Research skills Hajratwala picked up at Stanford from teachers like history professor Estelle Freedman helped her intertwine history with her family’s story. “[Freedman] brought this feminist approach to her history which actually really informs this story, which is that personal lives are part of history. Taking seriously the lives of individual people feels like a really feminist project to me, and that I definitely learned from Estelle,” she says. In gathering the personal stories, Hajratwala, a former staffer of the San Jose Mercury News, collected 38 hours of taped interviews, more than 60 notebooks and four file boxes with folders labeled, for example, “Fiji–Indenture” or “Narotam–Gandhi–Salt March.”

The life of her great-great-uncle Ganda, the restaurant owner in South Africa, exemplifies how personal history can reflect greater societal changes. A thriving business that had a significant share of black clients, Ganda’s eatery eventually was constricted by apartheid policies that prohibited blacks from eating in restaurants. South African restaurateurs developed takeout dishes, including a curry called “bunny chow” that could be carried—in the age before Styrofoam—in a bread loaf. Ganda, a vegetarian, invented the “beans bunny,” whose filling was a spicy stew of tomatoes and fava beans.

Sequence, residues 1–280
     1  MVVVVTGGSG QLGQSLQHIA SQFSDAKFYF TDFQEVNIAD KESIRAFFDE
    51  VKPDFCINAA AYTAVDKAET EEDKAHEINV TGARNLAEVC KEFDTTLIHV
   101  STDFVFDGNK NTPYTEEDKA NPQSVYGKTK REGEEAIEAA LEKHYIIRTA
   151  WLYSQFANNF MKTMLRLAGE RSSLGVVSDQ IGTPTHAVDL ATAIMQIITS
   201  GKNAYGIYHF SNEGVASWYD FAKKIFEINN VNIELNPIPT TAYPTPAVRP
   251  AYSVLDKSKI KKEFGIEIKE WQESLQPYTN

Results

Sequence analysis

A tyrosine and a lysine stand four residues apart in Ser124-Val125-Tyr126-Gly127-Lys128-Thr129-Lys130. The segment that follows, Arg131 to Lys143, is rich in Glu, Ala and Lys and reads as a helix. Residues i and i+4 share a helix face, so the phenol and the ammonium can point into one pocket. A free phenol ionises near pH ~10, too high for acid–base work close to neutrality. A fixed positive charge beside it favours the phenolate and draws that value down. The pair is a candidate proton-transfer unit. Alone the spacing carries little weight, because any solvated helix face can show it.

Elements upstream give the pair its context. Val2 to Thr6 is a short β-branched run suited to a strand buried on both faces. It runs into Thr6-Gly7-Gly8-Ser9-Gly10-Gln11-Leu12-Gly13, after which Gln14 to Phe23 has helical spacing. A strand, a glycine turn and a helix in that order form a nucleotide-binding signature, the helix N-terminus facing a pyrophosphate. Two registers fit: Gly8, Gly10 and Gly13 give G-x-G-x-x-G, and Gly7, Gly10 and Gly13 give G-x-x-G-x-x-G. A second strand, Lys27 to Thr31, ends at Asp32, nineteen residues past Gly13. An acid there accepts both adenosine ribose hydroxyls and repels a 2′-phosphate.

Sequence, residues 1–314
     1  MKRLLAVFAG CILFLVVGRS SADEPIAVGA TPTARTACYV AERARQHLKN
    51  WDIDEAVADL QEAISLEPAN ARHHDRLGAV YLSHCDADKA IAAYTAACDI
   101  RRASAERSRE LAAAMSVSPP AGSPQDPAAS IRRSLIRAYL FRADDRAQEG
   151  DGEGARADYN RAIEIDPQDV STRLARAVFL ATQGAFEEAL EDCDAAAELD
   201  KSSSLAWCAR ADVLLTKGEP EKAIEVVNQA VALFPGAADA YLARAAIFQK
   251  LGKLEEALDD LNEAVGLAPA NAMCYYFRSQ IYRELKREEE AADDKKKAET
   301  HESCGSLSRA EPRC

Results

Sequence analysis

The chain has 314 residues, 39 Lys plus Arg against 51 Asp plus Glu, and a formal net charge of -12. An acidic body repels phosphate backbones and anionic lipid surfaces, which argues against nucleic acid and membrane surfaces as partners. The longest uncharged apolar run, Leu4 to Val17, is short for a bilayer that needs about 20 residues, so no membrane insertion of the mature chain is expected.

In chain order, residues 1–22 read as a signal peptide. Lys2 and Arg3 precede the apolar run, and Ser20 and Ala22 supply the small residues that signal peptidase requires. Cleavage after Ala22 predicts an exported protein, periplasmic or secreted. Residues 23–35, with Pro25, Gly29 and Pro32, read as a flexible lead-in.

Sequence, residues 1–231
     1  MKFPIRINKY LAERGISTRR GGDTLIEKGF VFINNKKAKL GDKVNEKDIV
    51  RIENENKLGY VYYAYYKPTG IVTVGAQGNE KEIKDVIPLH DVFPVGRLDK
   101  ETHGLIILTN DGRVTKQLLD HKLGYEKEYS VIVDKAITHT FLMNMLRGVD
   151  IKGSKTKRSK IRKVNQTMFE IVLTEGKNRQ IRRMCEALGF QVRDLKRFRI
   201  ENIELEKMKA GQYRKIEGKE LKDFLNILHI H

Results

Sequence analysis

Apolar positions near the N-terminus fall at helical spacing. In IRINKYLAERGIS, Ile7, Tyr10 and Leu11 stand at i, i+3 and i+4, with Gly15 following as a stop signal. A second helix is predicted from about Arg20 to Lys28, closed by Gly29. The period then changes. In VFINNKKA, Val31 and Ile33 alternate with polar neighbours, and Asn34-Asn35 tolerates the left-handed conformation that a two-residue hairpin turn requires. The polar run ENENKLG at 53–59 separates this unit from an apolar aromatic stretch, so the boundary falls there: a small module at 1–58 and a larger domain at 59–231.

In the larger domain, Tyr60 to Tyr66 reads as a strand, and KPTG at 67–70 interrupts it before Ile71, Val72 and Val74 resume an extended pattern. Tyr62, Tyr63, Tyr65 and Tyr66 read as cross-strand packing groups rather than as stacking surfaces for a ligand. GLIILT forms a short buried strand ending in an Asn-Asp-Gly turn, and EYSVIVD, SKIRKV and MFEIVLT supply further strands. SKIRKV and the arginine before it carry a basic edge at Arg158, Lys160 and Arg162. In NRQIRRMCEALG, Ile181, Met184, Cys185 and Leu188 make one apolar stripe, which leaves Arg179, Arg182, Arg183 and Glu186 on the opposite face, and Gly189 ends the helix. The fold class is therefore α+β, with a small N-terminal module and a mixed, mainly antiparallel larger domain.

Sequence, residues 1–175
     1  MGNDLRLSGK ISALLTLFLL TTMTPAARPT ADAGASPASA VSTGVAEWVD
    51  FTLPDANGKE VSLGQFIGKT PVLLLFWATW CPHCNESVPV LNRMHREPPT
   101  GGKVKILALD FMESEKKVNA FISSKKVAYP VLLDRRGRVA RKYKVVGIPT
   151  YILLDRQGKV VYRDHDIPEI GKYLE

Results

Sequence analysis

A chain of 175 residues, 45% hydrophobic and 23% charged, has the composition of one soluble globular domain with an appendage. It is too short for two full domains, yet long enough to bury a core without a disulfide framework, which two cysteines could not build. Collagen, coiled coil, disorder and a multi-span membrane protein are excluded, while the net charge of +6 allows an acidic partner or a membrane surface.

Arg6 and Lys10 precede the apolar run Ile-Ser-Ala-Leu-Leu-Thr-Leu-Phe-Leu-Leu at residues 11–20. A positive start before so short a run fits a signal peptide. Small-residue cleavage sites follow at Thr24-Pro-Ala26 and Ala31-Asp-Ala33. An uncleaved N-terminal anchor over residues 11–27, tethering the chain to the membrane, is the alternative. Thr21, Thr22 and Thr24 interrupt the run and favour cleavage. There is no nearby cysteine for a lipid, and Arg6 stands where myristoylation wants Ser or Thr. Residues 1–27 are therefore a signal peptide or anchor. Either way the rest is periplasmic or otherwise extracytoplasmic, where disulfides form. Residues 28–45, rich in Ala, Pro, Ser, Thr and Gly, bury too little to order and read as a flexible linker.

When she went to South Africa, Hajratwala initially intended to feature another family member, until she wandered into the local history museum, which contained a section on Indians in Durban. A familiar name caught her eye. “I saw this placard—“bunny chow, something something”—and I thought, ‘Oh, that’s my uncle that I’m staying with.’ On closer inspection, she realized it was his father, Ganda, whose story was chosen to show how Indian businesses had grown during that time and been involved in the anti-apartheid movement.